Taking a Stand for Injustice by Drew

November 8, 2017


Taking a Stand for Injustice

In the world we are in today the ability to peacefully protest is one of the most important tools you can have. It is the main tool that any person that resides in our country should be able to use at any point without any push back. While I see this as a necessary skill for every person to have there are people that feel people should just take what they are given, no matter the circumstances.

In the recent years a professional football player by the name of Colin Kaepernick decided to voice his personal opinion on the reoccurring events of police brutality toward unarmed black men in our country. He didn’t do this by saying anything per say, but he set an example for many others to follow. In the beginning of his silent protest he decided to sit during the national anthem because he felt this song was not representing what America was supposed to be about. Such as our first amendment right to freedom of speech and the pursuit of happiness. His actions were not recognized until a veteran by the name of Nate Boyer wrote Kaepernick asking him to find a different way to show his displeasure towards the government’s lack of action. After receiving this letter Kaepernick decided to set up a meeting with Mr. Boyer to discuss both of their feelings and how he can do right by both the military and the black people that are being wrongfully treated. They came up the idea of kneeling instead of sitting. They decided on this because in the military when a soldier dies his platoon takes a knee in front of the fallen soldiers family and presents them with a flag. This kneeling is shown as a sign of respect and support. (Yoder para 5)

Though Boyer was very excited and happy with Kaepernick’s decision to join his teammates and take a knee there are many who find his antics rude, disrespectful, and distasteful. Many of these people would say that the reason we stand for the anthem is to respect those who have given their lives and continue to give their lives to protect not only our freedoms, but he freedoms of other countries as well. They also have the opinion that this practice has no pull with the people, and does not affect the government decisions or the actions of police officers. If this is true then then they feel that there is no point of “dividing the people”. (procon para 3)

After hearing about how  disrespectful kneeling during the anthem was I became curious about all of the things that could be considered disrespectful  towards the flag and the things that it represents. I came across an article by Doha Madani which plainly illustrates all of the things that, in a traditional sense, are considered disrespectful to the flag. She says that wearing the flag on clothing or in sports uniforms, carrying it flat(such as at football games), using it for advertising, and putting it on disposable products like forks and napkins.(Madani para 4)  All of these acts are done a one almost a daily basis and has never been pointed out as rude or indecent.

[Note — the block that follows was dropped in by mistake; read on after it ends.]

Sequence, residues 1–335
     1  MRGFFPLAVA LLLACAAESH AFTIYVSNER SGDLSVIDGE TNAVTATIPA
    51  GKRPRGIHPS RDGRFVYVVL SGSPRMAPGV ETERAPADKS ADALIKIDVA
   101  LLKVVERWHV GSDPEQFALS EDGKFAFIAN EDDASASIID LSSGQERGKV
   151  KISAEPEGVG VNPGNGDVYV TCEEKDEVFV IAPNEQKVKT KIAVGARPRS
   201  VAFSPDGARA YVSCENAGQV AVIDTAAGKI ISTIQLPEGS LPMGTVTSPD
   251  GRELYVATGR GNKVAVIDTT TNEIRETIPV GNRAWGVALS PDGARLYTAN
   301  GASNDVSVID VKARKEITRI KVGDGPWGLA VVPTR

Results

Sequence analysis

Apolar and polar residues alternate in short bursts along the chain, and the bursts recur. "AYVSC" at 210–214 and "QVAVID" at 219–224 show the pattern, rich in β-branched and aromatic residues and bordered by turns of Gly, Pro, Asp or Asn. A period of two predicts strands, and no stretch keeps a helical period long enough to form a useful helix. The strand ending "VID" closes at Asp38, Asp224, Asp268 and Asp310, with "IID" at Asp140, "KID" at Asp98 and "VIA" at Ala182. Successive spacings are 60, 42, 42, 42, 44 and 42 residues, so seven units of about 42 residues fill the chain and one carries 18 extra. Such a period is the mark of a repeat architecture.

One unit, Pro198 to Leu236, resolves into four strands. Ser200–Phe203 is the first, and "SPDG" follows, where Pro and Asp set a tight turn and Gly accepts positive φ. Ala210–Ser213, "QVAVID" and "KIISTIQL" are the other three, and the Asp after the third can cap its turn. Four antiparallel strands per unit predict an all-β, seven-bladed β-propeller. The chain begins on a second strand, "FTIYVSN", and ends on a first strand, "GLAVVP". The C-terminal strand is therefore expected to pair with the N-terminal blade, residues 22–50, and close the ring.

After having the opportunity to read through both arguments it was very clear to me that Kaepernick should be heralded as a 21st century civil rights leader. He had the courage to stand alone in the face of cruelty, ignorance, and pure racism because he felt that his people were getting the short end of the stick. It is people like Kaepernick that are remembered not for their ability on the field, but also their ability to put fame and fortune on the line for what they believe is the greater good.

Works Cited

Madani, Doha.”Here are Some ways to Disrespect the Flag.” The Huffington Post, 24

September 2017,

https://www.huffingtonpost.com/entry/american-flag-disrespect-tru_us_59c7140be4b06ddf45f867a0. Accessed 4 Nov. 2017


ProCon.”Refusing to Stand for the National Anthem: Top 3 Pros and Cons.” ProCon, 27

Sep 2017,

https://www.procon.org/headline.php?headlineID=005323. Accessed 4 Nov. 2017

Yonder, James.” Nate Boyer Convinces Kaepernick to Kneel.” Chat Sports, 27 Sep


https://www.chatsports.com/facebook-live/a/watch-nate-boyer-army-veteran-nfl-player-who-convinced-kaepernick-kneel-joined-chat-sports-facebook-live-35600.  Accessed 4 Nov. 2017